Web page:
(Bloomberg) -- The 56,000 people in Greenland will soon be acclimating to a new time zone, and depending on which side of the hot daylight saving debate you’re on in the US, you might be envious.
On March 25, Greenland will move its clocks forward one hour to UTC -2 time zone for the summer, just as it has done in the past. Except starting this year, it will stay in that time zone for good. No more suffering through twice-yearly clock changes; come October, Greenland won’t roll back to standard time like they will in the rest of Europe and the US.
This means there will be just three hours’ difference instead of four between most of Greenland and Copenhagen starting this winter. (Greenland, while self-governing, is part of the Kingdom of Denmark.)
For residents in areas of the island that are below the Arctic Circle, it will mean one hour of light later in the day—although as a tourist you’re not likely to notice the difference given the seasonal extremes of sunrise and sunset. The capital city, Nuuk, may see up to 20 hours of sunlight in summer, but only gets about four hours of sunlight in the winter, for instance.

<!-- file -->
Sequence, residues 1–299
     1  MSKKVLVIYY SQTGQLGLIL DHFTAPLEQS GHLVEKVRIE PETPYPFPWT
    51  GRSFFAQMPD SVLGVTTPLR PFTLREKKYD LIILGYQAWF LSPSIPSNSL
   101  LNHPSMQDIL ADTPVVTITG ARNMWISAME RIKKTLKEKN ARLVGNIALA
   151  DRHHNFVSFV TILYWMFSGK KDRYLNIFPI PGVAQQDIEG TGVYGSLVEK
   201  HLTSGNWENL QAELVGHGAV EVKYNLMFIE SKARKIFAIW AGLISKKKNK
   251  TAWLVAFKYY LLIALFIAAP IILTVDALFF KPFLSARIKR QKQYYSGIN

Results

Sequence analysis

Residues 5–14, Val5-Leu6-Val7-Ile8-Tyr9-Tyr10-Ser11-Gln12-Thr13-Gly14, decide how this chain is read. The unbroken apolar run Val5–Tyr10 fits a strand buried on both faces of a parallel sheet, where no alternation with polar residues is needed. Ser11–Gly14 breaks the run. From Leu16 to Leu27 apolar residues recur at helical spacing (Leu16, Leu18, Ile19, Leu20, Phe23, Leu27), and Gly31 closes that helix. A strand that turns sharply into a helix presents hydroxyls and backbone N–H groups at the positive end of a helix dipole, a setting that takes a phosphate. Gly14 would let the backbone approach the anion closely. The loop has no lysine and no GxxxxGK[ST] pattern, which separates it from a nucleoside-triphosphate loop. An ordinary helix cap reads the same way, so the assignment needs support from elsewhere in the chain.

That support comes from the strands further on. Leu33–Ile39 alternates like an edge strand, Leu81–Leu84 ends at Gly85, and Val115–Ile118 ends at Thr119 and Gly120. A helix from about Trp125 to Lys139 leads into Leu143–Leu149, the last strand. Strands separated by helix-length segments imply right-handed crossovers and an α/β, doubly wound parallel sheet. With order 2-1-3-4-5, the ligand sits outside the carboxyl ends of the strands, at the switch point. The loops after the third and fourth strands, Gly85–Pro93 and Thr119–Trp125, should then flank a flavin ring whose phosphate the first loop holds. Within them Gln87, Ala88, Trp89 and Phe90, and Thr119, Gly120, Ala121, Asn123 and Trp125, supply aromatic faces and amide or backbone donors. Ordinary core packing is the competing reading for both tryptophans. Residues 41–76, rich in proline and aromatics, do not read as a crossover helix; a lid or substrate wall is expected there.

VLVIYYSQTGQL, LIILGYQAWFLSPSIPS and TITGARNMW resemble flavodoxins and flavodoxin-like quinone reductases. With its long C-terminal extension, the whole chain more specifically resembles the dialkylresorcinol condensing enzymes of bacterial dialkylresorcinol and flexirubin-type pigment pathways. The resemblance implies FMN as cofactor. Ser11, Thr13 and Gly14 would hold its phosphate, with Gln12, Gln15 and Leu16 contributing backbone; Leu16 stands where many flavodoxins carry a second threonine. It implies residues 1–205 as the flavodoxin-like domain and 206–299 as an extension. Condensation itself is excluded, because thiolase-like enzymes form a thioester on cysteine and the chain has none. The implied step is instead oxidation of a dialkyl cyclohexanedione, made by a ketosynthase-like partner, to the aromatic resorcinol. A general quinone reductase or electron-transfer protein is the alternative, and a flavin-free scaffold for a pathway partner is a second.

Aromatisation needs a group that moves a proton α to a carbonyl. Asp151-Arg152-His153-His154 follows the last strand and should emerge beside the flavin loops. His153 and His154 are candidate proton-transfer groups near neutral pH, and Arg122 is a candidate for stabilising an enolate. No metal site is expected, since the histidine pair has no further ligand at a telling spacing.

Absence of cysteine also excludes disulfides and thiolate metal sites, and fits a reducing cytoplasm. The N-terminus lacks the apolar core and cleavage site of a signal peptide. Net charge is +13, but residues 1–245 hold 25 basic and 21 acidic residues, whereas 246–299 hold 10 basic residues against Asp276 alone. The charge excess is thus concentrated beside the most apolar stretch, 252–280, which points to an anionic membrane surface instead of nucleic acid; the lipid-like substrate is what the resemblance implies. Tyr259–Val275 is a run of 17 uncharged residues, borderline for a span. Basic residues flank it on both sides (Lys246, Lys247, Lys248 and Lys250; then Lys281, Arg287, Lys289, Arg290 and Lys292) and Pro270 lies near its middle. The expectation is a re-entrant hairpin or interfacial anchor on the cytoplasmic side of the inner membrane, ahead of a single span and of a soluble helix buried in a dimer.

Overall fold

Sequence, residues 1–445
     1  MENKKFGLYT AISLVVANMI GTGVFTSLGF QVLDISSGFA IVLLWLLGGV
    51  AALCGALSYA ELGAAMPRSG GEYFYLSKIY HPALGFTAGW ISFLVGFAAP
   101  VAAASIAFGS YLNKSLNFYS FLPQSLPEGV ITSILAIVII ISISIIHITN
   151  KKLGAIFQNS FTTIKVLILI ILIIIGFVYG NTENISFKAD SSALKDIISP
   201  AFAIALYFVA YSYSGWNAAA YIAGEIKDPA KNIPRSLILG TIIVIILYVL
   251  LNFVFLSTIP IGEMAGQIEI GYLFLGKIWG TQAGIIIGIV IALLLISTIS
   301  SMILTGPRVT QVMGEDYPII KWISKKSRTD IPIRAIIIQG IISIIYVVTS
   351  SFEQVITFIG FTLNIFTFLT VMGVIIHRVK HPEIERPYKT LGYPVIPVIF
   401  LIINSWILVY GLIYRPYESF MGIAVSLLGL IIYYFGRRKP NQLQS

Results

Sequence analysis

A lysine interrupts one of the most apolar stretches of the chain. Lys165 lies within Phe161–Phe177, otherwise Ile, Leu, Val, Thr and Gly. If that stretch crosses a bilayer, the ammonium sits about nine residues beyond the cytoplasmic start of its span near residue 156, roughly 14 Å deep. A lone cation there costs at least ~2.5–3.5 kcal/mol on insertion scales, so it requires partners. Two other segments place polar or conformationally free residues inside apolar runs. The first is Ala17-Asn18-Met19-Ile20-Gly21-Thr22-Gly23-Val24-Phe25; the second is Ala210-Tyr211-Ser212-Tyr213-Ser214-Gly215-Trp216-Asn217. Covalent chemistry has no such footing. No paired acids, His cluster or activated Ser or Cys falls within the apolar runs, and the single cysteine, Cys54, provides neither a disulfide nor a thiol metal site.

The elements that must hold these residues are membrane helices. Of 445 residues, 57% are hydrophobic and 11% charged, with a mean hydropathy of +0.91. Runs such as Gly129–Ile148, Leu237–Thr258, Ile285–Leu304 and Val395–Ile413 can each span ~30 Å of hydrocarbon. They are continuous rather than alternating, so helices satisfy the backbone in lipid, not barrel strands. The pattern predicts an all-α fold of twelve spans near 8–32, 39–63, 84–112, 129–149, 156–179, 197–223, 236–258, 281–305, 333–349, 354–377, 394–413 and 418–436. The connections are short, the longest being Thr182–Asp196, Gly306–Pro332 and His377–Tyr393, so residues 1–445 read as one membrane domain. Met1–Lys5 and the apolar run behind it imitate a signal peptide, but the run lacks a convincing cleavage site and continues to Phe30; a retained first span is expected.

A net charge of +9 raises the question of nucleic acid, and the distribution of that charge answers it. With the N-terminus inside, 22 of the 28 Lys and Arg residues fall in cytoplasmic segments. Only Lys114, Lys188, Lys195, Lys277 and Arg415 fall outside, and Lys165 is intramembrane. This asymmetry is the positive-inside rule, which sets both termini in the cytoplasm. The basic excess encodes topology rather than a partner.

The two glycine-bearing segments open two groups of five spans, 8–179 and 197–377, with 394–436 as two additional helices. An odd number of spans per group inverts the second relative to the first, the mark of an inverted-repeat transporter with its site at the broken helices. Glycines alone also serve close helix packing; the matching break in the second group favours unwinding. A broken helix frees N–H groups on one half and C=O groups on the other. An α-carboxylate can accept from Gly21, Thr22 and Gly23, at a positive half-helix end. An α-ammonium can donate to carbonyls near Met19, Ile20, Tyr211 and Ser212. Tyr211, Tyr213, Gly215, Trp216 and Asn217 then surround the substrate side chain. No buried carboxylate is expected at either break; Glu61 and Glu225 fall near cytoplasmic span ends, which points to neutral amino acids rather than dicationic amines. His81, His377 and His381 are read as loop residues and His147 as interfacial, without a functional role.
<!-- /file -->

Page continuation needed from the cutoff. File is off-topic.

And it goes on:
The decision to drop daylight saving time has been a hot debate among Greenland’s politicians since before the pandemic, much like it is now in the US. The main argument in Greenland in favor of the change: It’s a chance to be closer to European business hours, which would benefit the economy, explains Tanny Por, head of international relations at Visit Greenland.
Related: Visiting Denmark Promises an Alternative to Bucket List Europe
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